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European Vega C mission fails due to motor anomaly

Vega-C Liftoff. Photo Credit: ESA.

Edinburgh, 21 December 2022.– Approximately 2 minutes and 27 seconds after liftoff an anomaly occurred on the rocket’s Zefiro 40 second stage, thus ending Arianespace’s Vega C mission, the company said. Data analyses are currently in progress to determine the reasons of the launch failure.

The final two of Airbus’s four-satellite, €600-million commercial Pléiades Neo Earth observation fleet were lost due to the anomaly. The optical imaging spacecraft crashed into the Atlantic Ocean along with parts of European Vega C rocket.

The second stage Zefiro 40 motor ran into trouble just after firing up. Arianespace said they “have observed a deviation of the trajectory and a very strong anomaly.” According to rocket telemetry, the vehicle started losing velocity when the motor should have been propelling the launch vehicle to go faster. Zefiro 40 is produced by the rocket’s prime contractor, Avio.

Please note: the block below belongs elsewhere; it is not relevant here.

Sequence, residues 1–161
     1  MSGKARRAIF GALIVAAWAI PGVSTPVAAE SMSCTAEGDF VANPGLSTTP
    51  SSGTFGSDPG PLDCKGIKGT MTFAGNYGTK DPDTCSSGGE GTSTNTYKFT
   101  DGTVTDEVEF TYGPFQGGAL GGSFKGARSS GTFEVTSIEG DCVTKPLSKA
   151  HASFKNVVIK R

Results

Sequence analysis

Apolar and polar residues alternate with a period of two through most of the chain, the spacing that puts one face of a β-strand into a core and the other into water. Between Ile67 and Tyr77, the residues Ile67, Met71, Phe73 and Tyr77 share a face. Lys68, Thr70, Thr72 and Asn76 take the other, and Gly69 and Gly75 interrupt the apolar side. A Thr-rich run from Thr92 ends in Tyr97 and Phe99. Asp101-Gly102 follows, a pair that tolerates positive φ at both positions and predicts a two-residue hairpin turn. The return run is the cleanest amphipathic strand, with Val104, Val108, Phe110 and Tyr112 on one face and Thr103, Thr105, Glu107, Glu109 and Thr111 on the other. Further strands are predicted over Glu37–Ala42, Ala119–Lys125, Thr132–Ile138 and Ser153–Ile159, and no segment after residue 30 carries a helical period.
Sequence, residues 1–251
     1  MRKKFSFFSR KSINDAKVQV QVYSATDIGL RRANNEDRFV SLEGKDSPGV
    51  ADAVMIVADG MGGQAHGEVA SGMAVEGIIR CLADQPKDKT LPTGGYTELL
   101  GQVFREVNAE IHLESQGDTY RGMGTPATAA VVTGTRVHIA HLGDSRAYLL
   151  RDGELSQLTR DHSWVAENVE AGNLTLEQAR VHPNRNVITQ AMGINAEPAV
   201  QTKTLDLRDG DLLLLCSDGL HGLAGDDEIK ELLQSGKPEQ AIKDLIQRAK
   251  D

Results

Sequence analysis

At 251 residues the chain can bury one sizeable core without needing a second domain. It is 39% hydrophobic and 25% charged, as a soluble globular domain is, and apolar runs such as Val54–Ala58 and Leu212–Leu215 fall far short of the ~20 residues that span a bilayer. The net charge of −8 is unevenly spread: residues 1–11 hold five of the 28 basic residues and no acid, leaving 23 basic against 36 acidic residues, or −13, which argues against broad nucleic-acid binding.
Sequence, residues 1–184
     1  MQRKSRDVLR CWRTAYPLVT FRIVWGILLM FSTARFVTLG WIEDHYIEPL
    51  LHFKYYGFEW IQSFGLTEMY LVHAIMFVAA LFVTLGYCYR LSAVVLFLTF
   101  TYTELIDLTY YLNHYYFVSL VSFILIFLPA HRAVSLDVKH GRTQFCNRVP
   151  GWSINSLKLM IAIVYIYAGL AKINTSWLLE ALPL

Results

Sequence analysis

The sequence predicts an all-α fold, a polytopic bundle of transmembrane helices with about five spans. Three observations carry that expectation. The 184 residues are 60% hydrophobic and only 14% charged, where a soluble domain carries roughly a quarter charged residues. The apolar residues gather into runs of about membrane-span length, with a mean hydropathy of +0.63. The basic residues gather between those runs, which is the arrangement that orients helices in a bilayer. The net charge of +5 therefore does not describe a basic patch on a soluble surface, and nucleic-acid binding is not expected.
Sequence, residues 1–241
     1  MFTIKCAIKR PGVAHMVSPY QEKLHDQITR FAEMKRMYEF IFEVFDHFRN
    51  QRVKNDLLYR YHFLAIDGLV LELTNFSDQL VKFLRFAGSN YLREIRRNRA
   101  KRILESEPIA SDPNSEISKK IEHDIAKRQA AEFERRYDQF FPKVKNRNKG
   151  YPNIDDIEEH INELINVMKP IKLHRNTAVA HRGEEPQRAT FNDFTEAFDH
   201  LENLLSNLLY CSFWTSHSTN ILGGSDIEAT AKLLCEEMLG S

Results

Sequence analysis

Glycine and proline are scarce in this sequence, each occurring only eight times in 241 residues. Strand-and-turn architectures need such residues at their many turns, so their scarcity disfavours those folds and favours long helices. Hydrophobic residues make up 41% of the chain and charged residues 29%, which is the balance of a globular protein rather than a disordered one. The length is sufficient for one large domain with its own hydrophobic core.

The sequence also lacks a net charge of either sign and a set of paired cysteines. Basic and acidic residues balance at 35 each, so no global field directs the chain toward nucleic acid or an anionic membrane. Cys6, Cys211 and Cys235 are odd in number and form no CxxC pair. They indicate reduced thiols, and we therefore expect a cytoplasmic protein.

The launch was the first commercial flight of the upgraded Vega C rocket, following a successful inaugural test flight in July. Vega C is designed to  replace the old Vega rocket’s solid-fueled first and second stages. Meanwhile, the wider Zefiro 40 second stage replaces the Zefiro 23 motor adding 50% more propellant.

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